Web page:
He Kept Telling Me, “Enjoy Every Moment”


I got a text from my dad two weeks ago today that said my grandpa had gone to be with Jesus. He said he passed peacefully, moments after my grandma told him that his family was all okay and they were all there with him. She kissed him and walked out, and when she came back in, he was gone.

I didn’t cry. We had been expecting it. In August, he was diagnosed with stage 4 lung cancer that had seeped into his bones and spread to other major organs. I happened to be in Chicago (where they live) visiting my mom when he was initially rushed to the hospital. At that time, he was not coherent, but I still said my goodbyes, not knowing if I’d get the chance again — and I didn’t. But still, my reaction was strange to me. Grief is weird like that. It just didn’t really hit me, you know?

The day after receiving that text from my dad, I was in my bed nursing my son after a particularly difficult day with him… he was just in one of those moods where he needed my constant attention. I was exhausted, but as he was nursing, I looked down at him and just couldn’t help but smile past the tiredness and adore his big blue eyes looking up at me. He was so content and peaceful in his mom’s arms. That’s when I felt it.

Some of you will probably think I’m crazy, and maybe I am (lol), but I know without a doubt my Grandpa Cleger was right there with me. I haven’t even told my husband or my dad this, mostly on account that I just don’t want to cry again, so they can just read along with you.

He told me that he loved me and to keep staring at that nursing boy with the look I was giving him. To never forget how I felt in that moment, staring with simultaneously tired and admiring eyes at my son. It’s funny to me how easy it is to take moments like that for granted, but in that moment, my grandfather reminded me to slow down and soak it in.

I wished I had had more time with him. He told me he knows he was grumpy and impatient for moments in the last years, and that he wishes he would have just let some things roll off his back and enjoy every moment.

The next morning, as I was journaling about this exchange, I felt his presence there again.

He told me, “I loved Grandma so much.” And in that moment, tears involuntarily started streaming down my face and I wrote down what I heard him telling me. “I loved watching her dance in the kitchen and I loved dancing with her.” I recalled a specific moment when visiting our family friends in Miami one summer, in their backyard, by the pool, dancing to salsa late one night after martinis and beers (of course not consumed by my Grandpa — he was a red wine only kind of guy… you know, the Jesus-approved alcohol lol). My grandpa wasn’t exactly a let-your-hair-down-and-blow-in-the-wind kind of guy, but when that salsa music came on, it transformed him into this care-free dude who would scoop my grandma for a swirl, every time.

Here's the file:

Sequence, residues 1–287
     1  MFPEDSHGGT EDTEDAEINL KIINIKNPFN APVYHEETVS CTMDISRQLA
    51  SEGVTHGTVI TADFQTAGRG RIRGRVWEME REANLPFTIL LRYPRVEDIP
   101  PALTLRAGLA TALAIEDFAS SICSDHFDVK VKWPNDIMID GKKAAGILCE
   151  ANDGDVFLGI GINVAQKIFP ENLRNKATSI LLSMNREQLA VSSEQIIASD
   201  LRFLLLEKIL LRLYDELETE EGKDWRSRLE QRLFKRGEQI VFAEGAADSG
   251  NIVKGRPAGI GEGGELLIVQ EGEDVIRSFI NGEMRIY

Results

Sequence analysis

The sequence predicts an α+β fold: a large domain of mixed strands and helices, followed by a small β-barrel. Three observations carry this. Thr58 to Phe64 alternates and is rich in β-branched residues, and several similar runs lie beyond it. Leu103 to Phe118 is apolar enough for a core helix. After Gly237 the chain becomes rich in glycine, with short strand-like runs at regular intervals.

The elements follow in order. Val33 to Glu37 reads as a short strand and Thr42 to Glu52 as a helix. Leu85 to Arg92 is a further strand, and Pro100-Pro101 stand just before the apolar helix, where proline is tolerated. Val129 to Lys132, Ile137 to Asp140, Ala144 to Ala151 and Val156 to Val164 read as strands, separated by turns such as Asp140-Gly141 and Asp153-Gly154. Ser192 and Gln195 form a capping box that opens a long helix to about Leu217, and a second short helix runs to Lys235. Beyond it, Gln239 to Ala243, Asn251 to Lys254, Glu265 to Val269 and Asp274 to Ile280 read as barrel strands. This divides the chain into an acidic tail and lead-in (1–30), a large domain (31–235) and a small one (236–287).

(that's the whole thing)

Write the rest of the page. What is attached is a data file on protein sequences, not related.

He kept telling me, “Enjoy every moment.”

He said he finally won the lotto — that it is so beautiful where is he and he wishes I could see it. I just laughed at that. This man would play the lotto every time. And he would sit at the table in the morning as my grandma made his Cuban coffee and meticulously calculate his number choices based on gosh knows what. The first summer Chris and I were dating and he came to Boca with us, I remember he would sit with my grandpa every morning at that table, as the morning Floridian light beamed in, with their Cuban coffee, and Chris would just listen to my grandpa’s rationalizations on his lotto number calculations. “You take this day, minus this year, times how many kids you have…” I’m kidding. But it was seriously some craziness like that! I don’t think he ever actually won lol. But he told me he finally did, and that there was no pain where he was. How beautiful is that?

He told me he misses us of course, but he will be there, waiting for us.

I wished he could have met Summit. But he told me he has, and now he gets to watch him grow every single day, which is so much better than being in a completely different state.

The last thing he told me was that he felt “peace like I’ve never known.” With tears smudging the ink on my journal, my heart found contentment in knowing that.

I wish I would have had more time with him. I wish I would have asked him more questions, like… How did you and Grandma meet? What drew you to her? Who made the first move? What was your favorite place in Cuba? What do you do for fun as a kid there?

I will no doubt be asking Grandma. Our stories are all we have, and I wish I would have done a better job of listening to his. The language barrier didn’t help us, but he never let that get in the way of showing how much he loved us.

Grandpa, I will miss holding my breath and praying for my life every time you get behind the wheel. I will miss waking up early in Boca with you and Grandma, drinking Cuban coffee while everyone else is still asleep. I will miss your freight-train snoring and trying like hell not to crack up and wake you up. I will miss seeing you walk along the shore, looking for the perfect shells.

But I will love squishing my toes deep into the wet sand, staring out into endless sea, one of the places I’ve always felt closest to God, knowing that you will be right there, too.

I love you.